Olympian Gwen Berry Says National Anthem 'Disrespects' Black Americans After Flag Protest

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Patrick Smith/Getty

Gwen Berry has promised to use her platform at the Tokyo Olympics to raise awareness of social injustice in the country, and now she's setting the record straight about why she chose to protest the national anthem.

During the U.S. Olympic track and field trials in Eugene, Oregon last Saturday, the 31-year-old hammer thrower put her hand on her hip before draping a black "activist athlete" T-shirt over her head as "The Star-Spangled Banner" played.

Berry said that the athletes were told they would be introduced to the crowd either before or after the playing of the national anthem. However, they were asked "at the last minute" to stand on the podium as the national anthem played, which is why Berry felt the situation was "a setup."

On Tuesday, the athlete spoke to the Black News Channel (BNC) to clarify her actions and respond to the criticism she's faced since the trials.

"I never said that I hated the country — never said that. All I said was that I respect my people enough to not stand or acknowledge something that disrespects them. I love my people, point blank, period," Berry told the outlet.

Patrick Smith/Getty

RELATED: Olympian Gwen Berry Responds to Conservative Backlash Over Flag Protest as White House Weighs In

"If you know your history, you know the full song of the national anthem, the third paragraph speaks to slaves in America, our blood being slain... all over the floor," she continued. "It's disrespectful and it does not speak for Black Americans. It's obvious. There's no question."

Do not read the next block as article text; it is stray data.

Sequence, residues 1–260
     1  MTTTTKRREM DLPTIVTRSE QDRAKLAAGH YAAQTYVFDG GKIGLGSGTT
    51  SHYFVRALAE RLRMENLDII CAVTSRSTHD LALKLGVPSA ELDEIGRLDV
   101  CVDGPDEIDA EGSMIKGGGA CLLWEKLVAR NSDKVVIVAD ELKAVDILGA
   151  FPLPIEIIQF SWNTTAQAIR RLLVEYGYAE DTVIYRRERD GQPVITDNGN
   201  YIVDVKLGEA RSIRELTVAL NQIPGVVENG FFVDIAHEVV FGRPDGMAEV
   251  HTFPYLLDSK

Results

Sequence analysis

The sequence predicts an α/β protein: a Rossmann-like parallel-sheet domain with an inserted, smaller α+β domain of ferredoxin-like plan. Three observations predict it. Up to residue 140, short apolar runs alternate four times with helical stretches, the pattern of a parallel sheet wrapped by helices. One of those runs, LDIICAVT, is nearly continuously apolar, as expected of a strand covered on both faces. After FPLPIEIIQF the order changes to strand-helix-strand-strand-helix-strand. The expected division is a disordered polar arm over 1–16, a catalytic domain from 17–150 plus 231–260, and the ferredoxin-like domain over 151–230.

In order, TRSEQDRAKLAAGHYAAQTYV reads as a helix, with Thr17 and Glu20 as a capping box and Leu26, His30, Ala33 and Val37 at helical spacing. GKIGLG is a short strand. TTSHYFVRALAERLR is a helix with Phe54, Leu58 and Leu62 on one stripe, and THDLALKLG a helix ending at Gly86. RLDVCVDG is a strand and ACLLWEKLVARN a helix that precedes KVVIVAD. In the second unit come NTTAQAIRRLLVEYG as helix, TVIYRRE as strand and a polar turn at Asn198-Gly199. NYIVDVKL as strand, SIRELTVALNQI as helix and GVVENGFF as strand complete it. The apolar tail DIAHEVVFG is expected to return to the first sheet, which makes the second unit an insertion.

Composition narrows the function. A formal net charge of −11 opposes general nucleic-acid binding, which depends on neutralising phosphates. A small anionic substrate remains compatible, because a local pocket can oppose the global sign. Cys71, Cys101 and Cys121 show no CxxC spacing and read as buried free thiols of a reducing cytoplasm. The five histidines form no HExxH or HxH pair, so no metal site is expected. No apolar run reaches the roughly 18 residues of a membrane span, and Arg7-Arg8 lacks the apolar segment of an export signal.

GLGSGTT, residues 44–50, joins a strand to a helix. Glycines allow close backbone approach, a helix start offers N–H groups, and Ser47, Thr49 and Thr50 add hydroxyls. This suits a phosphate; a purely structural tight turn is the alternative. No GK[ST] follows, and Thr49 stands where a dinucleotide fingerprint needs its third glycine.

The lyrics Berry alluded to read: "And where is that band who so vauntingly swore, That the havoc of war and the battle's confusion. A home and a Country should leave us no more? Their blood has wash'd out their foul footstep's pollution. No refuge could save the hireling and slave. From the terror of flight or the gloom of the grave, And the star-spangled banner in triumph doth wave. O'er the land of the free and the home of the brave."

On Monday, Republican lawmakers bashed Berry over her flag protest. Arkansas Sen. Tom Cotton told Fox News that Berry shouldn't compete for the country if she's "so embarrassed by America." Rep. Dan Crenshaw, of Texas, also told the network he believed Berry "should be removed from the team," which led to the hammer thrower sharing her thoughts on Twitter.

RELATED: Team USA Hammer Thrower Gwen Berry Protests National Anthem Ahead of Tokyo Olympics: 'It Was a Setup'

Athletes protesting social issues on the Olympic stage has a long history. Olympic news website Inside the Games reported that the International Olympic Committee (IOC) is considering relaxing bans on athlete protests at this year's Summer Olympics. IOC rules currently state that athletes will face sanctions for protesting.

Following Berry's demonstration on Saturday, the Olympic hammer thrower told ESPN that she's going to the Tokyo Games to represent her community.

"I think sports is a distraction. Sports is entertainment," she said. "But my purpose and my voice and mission is bigger than the sport. So me being able to represent my communities and my people and those who have died at the hands of police brutality, those who have died to this systemic racism, I feel like that's the important part."

Berry added, "That's why I'm going. And that's why I was here today."

To learn more about all the Olympic hopefuls, visit TeamUSA.org. The Tokyo Olympics begin July 23rd on NBC.